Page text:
EDINBURGH, Scotland — Scottish officials said Thursday they were considering early release for the Lockerbie bomber — igniting debate between victims' relatives in the United States and Britain over whether he should be allowed to return home to Libya.
British media reports say Abdel Baset Ali al-Megrahi will soon be freed on compassionate grounds because he is terminally ill with cancer. The possibility of an imminent release has reignited the fierce debate about whether justice has been done for victims of the attack that killed 270 people — most of them Americans.
The Scottish government dismissed as speculation the reports by Sky News and BBC television that he would be released next week and said Scotland's justice minister had yet to review all case information before deciding whether to release Megrahi. U.S. State Department spokesman P.J. Crowley said Washington had not been made aware of any final decision.
"We have made our views clear to the U.K. government, to other authorities, that we believe that he should spend the rest of his time in jail," he said.
Neither the BBC nor Sky News cited sources for their reports. A decision had been expected by the end of August.
The man in charge of deciding Megrahi's fate insisted he was still considering his options.
"Clearly, he is terminally ill, and there are other factors," Scottish Justice Minister Kenny MacAskill told the BBC. "But I have made no decision as yet."
Megrahi, a former Libyan secret service agent, is the sole person convicted for the December 1988 bombing of Pan Am 103 over the Scottish town of Lockerbie. He was arrested in 1991 in Libya, held under house arrest until handed over in 1998 and convicted in 2001 by a special Scottish court held at Kamp van Zeist in the Netherlands. His co-accused, Amin Khalifa Fhimah, was acquitted, but Megrahi was sentenced to life in prison.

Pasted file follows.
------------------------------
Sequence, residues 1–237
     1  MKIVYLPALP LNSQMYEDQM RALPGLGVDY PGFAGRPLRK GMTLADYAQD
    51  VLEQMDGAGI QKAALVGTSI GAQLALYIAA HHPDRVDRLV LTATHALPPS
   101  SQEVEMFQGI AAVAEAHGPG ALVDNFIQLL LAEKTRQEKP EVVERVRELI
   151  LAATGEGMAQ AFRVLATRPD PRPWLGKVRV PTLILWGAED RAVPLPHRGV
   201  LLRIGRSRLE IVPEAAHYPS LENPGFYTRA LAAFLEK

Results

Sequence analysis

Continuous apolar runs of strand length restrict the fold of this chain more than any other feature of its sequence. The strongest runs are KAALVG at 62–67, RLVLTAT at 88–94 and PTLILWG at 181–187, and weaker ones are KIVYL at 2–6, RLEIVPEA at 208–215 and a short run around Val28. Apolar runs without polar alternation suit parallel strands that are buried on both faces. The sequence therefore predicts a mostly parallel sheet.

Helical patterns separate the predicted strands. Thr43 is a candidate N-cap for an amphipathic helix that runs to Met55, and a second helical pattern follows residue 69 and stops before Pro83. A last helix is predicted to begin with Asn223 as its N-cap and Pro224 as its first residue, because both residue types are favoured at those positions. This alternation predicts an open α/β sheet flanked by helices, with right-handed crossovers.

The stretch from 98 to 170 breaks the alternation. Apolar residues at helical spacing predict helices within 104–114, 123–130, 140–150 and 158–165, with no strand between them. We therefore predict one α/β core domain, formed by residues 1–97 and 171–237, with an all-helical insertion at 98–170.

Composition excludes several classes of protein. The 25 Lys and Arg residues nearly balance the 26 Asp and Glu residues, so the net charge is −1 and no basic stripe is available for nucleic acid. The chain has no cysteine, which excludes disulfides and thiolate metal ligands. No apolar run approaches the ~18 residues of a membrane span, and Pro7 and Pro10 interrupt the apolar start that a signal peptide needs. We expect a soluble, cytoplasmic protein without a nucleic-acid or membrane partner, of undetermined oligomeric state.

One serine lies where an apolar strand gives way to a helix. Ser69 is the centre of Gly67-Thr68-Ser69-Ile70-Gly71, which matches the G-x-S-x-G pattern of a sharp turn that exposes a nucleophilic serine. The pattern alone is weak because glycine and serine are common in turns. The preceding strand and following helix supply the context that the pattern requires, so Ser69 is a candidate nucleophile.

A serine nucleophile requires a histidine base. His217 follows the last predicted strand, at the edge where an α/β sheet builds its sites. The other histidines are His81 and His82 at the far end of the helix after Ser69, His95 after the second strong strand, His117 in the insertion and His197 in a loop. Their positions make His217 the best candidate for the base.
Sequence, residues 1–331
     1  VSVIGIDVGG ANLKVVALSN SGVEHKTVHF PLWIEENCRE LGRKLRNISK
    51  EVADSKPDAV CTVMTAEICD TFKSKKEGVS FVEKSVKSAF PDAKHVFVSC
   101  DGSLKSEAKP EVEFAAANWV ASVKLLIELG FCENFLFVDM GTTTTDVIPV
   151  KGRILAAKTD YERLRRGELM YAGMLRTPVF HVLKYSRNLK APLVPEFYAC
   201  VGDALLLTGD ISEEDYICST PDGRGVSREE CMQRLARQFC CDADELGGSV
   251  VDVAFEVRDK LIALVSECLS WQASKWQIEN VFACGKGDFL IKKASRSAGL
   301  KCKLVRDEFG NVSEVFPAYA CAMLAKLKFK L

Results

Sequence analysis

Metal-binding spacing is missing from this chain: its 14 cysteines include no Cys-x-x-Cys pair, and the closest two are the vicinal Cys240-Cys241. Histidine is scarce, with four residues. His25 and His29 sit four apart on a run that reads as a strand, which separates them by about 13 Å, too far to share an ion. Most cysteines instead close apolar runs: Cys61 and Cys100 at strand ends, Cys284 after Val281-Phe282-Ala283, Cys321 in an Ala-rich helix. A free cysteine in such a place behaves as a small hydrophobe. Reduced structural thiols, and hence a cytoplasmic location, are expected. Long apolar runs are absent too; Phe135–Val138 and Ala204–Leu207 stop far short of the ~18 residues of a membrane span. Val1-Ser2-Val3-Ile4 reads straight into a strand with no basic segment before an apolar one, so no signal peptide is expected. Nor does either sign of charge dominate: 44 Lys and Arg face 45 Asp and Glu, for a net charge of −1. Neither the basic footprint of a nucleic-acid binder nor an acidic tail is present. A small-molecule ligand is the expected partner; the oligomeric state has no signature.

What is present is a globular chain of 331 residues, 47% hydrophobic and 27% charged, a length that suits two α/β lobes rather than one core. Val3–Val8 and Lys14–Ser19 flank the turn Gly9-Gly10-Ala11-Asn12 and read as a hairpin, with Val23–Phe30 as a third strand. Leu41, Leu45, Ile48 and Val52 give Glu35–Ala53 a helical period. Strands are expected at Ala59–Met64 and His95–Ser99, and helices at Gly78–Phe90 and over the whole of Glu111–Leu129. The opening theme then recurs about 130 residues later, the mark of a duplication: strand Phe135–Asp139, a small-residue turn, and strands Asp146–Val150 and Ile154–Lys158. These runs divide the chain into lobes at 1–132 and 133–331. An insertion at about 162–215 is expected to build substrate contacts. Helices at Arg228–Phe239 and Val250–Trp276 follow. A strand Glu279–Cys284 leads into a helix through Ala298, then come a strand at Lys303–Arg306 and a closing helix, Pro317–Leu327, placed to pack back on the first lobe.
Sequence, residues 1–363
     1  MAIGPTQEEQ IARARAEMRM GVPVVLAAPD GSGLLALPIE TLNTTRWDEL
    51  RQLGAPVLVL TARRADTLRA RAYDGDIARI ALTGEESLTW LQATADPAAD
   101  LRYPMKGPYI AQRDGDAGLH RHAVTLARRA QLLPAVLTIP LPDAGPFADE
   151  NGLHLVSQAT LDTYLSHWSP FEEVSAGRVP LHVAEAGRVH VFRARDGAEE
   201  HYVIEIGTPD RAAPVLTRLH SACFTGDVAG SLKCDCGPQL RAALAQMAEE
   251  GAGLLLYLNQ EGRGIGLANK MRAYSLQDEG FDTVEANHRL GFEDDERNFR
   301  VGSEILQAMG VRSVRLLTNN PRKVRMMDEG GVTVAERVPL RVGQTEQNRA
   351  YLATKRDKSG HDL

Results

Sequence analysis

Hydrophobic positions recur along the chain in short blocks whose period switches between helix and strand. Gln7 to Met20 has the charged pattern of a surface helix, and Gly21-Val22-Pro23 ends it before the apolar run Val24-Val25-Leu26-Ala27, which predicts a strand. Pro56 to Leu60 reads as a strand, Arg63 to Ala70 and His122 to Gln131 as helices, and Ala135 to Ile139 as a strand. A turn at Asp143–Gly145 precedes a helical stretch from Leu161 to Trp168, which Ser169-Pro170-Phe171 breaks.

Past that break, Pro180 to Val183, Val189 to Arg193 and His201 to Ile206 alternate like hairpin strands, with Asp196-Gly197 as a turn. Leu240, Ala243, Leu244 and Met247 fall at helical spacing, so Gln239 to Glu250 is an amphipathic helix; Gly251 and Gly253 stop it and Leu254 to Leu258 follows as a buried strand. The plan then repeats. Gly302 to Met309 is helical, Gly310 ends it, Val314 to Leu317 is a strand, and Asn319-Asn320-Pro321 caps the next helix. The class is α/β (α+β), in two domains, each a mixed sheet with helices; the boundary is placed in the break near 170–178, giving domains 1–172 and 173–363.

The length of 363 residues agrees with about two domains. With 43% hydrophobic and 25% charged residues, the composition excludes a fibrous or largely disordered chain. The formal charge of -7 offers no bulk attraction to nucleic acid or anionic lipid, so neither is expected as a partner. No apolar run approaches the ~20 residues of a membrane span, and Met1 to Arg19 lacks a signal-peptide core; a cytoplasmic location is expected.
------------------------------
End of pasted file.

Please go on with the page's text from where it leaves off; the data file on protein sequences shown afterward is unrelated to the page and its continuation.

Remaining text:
He unsuccessfully appealed immediately after the trial. But a second appeal is currently under way in Edinburgh after a review by the Scottish Criminal Cases Review Commission in 2007 raised serious concerns over the evidence used to secure the conviction.
Those concerns have convinced many British families that the full truth about the bombings has yet to be uncovered, and many in the U.K. had been looking forward to Megrahi's second appeal to find out more about the atrocity.
"Other people and other countries were involved in this," said the Rev. John Mosey, from Worcestershire, England, who lost his daughter Helga, 19. "We should show him some Christian compassion."
Jim Swire, who lost his 24-year-old daughter Flora in the blast and serves as a spokesman for many of the British victims, said "everything points to a miscarriage of justice" and said he would be "delighted" if Megrahi were sent home.
The possibility that Megrahi could leave his Scottish prison exposed long-standing trans-Atlantic disagreements between victims' families. Some U.S. relatives of the victims expressed outrage over the possibility that Megrahi would be freed early.
"I have a tough time being compassionate for a guy who killed 270 people," said Peter Sullivan of Akron, Ohio. His best friend, Mike Doyle, was among the victims.
Sullivan, 51, said there was no reason Megrahi could not be treated in custody. "He ought to die in prison. Period."
Susan Cohen of Cape May Court House, N.J., whose 20-year-old daughter, Theodora, died in the attack, said the idea that Megrahi could be freed was a nightmare.
"This is total, pure, ugly appeasement of a terrorist dictator and a monster," Cohen said, arguing that Libyan leader Moammar Gadhafi would feel vindicated if the convicted bomber could return to Libya.
"Megrahi would be a star," she said, "and we will be left here in ashes and suffering."
Megrahi's fate is of particular importance because his trial and conviction led to a massive shift in Libya's relationship with the West.
Gadhafi engineered a rapprochement with his former critics after the Sept. 11, 2001, terrorist attacks. He renounced terrorism and voluntarily dismantled Libya's secret program to develop nuclear weapons — earning commitments from Britain and the United States to work together to contain the threat of international terrorism.